In contrast to dominant social class macaques, D2 antagonist administration had little influence on dominance of subordinate individuals. There are several possible explanations for this observation. For instance, since subordinate subjects were already low in dominance, ceiling effects may obscure social dominance-associated behavioral changes caused by the D2 antagonist. Alternately, since D2 receptor expression is lower in subordinates than that in dominant subjects26, even the same dose of drug administration may result in less effects in lower social status individuals than those at higher social status. The latter case may be particularly probable, since the dose of drug administration we utilized in this study was very low one.
Studies have demonstrated that higher social rank non-human primates are more aggressive and impulsive13,14,15,16,17, although in relation to impulsivity, this is not always true12 and could be even sometimes false33. Couppis and colleagues have reported that mice exhibiting higher D2 receptor expression are more aggressive than mice with lower D2 receptors18, which is consistent with the current findings. In contrast, D2 receptor stimulation and blockade by the agonist24 and antagonist23 have been shown to attenuate and increase impulsive behavior, respectively, which is opposite to what is expected from the suggested role of impulsivity in gaining higher social status. Thus, attenuation of social dominance by the D2 antagonist in this study may be explained by decreased aggression, but not impulsivity.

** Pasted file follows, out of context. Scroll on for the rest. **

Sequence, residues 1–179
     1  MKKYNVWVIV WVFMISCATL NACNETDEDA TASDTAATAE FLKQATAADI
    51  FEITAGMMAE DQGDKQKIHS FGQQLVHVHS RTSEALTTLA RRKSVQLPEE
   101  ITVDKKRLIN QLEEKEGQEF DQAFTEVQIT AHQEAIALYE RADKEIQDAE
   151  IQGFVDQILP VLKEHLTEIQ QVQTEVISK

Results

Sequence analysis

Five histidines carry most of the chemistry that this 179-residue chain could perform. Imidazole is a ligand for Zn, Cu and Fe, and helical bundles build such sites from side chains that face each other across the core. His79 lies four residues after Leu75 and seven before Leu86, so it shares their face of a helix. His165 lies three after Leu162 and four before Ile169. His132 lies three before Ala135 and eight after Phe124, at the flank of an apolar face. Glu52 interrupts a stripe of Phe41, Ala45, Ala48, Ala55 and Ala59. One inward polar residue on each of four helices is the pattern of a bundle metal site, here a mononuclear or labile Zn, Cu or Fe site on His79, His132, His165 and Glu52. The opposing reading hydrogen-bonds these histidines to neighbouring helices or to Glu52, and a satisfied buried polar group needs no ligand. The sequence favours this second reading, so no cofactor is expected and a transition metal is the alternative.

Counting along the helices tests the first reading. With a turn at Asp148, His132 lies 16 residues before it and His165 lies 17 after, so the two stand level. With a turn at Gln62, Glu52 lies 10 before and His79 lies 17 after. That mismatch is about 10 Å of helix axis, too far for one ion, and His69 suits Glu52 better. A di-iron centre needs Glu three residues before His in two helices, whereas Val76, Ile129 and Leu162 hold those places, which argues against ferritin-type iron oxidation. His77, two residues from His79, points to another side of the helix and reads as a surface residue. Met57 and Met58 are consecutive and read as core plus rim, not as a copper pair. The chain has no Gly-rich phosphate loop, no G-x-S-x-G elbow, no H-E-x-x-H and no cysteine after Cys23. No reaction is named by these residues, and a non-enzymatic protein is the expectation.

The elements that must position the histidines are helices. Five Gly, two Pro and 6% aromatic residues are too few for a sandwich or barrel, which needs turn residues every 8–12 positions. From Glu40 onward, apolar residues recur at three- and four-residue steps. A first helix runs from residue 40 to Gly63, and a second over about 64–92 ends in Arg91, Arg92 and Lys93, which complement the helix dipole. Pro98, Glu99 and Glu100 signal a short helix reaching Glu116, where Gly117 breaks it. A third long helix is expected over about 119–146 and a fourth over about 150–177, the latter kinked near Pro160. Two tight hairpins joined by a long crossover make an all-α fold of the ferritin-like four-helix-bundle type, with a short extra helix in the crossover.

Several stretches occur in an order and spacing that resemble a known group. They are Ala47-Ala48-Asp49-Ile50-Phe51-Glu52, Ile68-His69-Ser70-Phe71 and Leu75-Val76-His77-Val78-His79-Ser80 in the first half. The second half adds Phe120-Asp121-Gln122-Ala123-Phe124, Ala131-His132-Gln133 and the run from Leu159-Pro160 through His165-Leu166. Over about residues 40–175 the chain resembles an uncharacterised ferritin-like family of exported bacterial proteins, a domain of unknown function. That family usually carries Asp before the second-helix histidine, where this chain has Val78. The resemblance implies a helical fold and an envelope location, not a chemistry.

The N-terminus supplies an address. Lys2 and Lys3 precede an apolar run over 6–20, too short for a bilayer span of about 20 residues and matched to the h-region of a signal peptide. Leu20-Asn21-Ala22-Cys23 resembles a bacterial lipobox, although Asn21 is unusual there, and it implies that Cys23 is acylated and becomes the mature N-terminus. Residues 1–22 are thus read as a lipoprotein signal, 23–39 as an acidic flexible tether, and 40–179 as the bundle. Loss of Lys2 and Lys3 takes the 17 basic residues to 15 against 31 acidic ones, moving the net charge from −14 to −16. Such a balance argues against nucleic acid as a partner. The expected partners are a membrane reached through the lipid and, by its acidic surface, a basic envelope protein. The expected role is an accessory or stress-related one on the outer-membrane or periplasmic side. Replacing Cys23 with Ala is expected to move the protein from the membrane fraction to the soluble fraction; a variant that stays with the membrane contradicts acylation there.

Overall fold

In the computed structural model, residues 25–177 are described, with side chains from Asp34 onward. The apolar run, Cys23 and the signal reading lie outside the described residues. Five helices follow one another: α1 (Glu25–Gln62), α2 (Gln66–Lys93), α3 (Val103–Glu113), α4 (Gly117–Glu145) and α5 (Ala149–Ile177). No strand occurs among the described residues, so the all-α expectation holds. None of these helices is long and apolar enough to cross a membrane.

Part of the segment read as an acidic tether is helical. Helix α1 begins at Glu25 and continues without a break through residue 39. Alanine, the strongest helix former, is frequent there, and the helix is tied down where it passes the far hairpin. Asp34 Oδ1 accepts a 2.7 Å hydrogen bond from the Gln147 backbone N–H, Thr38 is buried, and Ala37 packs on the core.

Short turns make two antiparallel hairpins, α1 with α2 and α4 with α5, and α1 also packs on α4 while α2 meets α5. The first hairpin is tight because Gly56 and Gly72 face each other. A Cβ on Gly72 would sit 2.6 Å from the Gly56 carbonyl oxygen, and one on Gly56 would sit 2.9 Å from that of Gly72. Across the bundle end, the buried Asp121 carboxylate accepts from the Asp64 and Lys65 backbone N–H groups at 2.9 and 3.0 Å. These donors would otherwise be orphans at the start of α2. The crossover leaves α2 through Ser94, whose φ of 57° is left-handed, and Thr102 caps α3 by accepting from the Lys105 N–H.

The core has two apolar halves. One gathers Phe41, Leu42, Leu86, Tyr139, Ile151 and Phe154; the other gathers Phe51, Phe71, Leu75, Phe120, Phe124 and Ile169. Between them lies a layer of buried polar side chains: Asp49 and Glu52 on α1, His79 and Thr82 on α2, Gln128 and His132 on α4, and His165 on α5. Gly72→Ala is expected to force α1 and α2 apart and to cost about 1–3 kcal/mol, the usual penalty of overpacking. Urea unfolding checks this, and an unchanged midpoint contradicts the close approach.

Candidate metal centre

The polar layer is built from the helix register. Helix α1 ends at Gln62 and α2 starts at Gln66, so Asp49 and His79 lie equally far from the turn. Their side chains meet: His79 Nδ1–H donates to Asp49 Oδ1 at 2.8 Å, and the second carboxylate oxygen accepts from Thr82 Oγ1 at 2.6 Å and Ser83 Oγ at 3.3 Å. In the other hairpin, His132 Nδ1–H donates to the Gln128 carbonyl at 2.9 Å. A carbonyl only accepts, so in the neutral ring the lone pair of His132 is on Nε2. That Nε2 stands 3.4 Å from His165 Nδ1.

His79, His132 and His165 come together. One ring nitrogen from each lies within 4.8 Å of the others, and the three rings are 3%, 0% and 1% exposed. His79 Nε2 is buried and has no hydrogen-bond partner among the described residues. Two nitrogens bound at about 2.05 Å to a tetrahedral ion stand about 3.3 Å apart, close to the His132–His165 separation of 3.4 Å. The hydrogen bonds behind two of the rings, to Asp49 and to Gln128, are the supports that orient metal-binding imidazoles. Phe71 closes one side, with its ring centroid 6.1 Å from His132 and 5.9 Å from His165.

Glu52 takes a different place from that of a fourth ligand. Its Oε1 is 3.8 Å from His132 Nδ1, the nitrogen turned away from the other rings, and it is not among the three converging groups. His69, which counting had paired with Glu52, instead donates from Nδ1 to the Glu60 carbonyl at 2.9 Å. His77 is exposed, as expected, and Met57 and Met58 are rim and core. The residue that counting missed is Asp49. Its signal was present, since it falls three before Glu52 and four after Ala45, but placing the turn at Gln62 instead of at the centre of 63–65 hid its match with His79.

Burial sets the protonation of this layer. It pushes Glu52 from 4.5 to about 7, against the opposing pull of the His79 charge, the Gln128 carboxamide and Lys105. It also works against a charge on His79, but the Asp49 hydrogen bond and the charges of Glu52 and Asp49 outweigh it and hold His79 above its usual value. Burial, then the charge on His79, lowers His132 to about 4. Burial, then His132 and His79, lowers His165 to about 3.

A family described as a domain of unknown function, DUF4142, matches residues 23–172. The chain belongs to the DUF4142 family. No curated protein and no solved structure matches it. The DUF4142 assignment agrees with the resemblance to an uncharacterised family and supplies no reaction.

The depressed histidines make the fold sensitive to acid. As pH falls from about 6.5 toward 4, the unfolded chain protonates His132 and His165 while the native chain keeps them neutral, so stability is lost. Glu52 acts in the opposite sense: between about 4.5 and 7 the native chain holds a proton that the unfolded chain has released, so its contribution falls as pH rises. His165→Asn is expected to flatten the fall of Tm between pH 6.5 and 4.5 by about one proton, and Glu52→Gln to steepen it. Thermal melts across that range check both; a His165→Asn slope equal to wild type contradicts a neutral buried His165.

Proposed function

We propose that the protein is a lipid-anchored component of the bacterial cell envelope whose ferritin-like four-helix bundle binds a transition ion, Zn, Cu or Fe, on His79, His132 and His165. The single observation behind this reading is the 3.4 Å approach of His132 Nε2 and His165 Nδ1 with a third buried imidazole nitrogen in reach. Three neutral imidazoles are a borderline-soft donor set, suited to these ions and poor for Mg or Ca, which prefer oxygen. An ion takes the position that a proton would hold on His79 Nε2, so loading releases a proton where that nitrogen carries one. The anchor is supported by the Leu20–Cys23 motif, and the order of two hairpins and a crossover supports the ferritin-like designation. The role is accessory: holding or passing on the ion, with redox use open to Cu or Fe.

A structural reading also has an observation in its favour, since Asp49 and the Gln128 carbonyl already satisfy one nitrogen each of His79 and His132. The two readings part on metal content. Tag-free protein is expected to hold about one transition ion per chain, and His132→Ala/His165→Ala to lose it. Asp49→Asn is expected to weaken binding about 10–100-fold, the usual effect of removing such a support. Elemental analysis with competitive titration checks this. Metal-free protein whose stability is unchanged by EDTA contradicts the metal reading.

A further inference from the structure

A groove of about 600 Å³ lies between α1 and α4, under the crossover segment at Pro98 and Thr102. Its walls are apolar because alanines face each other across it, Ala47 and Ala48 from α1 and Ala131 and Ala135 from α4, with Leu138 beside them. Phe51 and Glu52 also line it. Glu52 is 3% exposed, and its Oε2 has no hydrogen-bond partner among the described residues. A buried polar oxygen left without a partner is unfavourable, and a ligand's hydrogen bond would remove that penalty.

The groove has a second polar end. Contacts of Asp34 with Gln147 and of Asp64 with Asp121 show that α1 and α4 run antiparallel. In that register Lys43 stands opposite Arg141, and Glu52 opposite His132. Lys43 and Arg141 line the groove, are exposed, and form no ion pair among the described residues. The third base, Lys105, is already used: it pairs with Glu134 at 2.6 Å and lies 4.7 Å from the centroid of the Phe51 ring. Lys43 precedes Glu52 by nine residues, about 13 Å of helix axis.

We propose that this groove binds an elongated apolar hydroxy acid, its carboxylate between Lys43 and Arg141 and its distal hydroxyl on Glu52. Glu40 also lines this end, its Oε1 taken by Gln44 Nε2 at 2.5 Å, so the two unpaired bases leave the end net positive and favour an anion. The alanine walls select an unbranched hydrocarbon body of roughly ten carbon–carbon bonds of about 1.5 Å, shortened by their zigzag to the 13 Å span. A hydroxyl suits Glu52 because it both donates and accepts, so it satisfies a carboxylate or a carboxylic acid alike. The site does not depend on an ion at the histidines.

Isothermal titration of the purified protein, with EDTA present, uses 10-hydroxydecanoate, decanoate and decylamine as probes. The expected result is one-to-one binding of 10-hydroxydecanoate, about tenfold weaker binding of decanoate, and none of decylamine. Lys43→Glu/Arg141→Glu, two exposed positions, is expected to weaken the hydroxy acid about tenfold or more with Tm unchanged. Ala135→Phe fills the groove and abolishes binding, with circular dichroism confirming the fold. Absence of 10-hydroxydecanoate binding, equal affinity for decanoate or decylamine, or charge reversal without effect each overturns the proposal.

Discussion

In this study, we compared macaque and mouse social groups, but the experimental conditions and methods to assess social hierarchy were substantially different. For instance, the compositions of the mouse (males) and macaque (males and females) groups, the experimental designs (longitudinal or repeated testing within the macaque group, cross-sectional testing of mouse groups), the separate tests for social hierarchy are quite different between species, and although macaques and mice are diurnal and nocturnal animals, respectively, experiments for both macaques and mice were conducted in the light cycle. Indeed, to compare these two species, it would be necessary to conduct the tests that are more comparable and several methods. This study also did not use state-of-the-art methods to assess dominance rank, linearity and stability34. In addition, due to the small sample size in the macaques, it is unclear the extent to which these findings are representative of populations of Japanese macaques. However, comparison of these species with utilization of different experimental conditions and procedures for each of mice and macaques would be still worthwhile. Thus, even different species of animals, social group conditions, and methods of testing social rank, the role of D2 function in social hierarchy construction was found very similar. In other words, the current finding demonstrates that such mutual roles of D2 function between mice and macaques is clearly independent of experimental conditions and methods. Moreover, our study suggests that the mutual role of D2 function between macaques and mice is still observed on top of whether the specific social group of Japanese macaques we used in the experiments is representative of Japanese macaques or not. Collectively, the finding on top of these various confounding factors emphasizes, but not discourages, the general roles of D2 function on social hierarchy. A future study with development of the methods based on ethological observations that can be applied commonly between rodents and macaques to determine their social hierarchy will be required to address these issues.